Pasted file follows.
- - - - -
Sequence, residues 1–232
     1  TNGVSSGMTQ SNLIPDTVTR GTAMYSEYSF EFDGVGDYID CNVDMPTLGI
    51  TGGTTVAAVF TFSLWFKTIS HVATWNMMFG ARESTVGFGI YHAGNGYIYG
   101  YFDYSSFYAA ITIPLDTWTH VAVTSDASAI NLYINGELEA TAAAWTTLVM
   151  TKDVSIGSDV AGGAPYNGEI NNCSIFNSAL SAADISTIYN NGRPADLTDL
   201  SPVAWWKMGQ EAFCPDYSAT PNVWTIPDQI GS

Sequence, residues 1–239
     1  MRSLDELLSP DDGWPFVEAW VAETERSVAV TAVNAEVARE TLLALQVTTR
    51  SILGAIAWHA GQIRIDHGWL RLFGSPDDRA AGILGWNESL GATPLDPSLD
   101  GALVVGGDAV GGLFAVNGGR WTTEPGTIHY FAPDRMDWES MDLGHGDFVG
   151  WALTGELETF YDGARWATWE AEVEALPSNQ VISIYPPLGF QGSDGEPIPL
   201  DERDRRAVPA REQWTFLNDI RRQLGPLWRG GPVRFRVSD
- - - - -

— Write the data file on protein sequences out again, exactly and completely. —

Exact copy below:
Sequence, residues 1–232
     1  TNGVSSGMTQ SNLIPDTVTR GTAMYSEYSF EFDGVGDYID CNVDMPTLGI
    51  TGGTTVAAVF TFSLWFKTIS HVATWNMMFG ARESTVGFGI YHAGNGYIYG
   101  YFDYSSFYAA ITIPLDTWTH VAVTSDASAI NLYINGELEA TAAAWTTLVM
   151  TKDVSIGSDV AGGAPYNGEI NNCSIFNSAL SAADISTIYN NGRPADLTDL
   201  SPVAWWKMGQ EAFCPDYSAT PNVWTIPDQI GS

Sequence, residues 1–239
     1  MRSLDELLSP DDGWPFVEAW VAETERSVAV TAVNAEVARE TLLALQVTTR
    51  SILGAIAWHA GQIRIDHGWL RLFGSPDDRA AGILGWNESL GATPLDPSLD
   101  GALVVGGDAV GGLFAVNGGR WTTEPGTIHY FAPDRMDWES MDLGHGDFVG
   151  WALTGELETF YDGARWATWE AEVEALPSNQ VISIYPPLGF QGSDGEPIPL
   201  DERDRRAVPA REQWTFLNDI RRQLGPLWRG GPVRFRVSD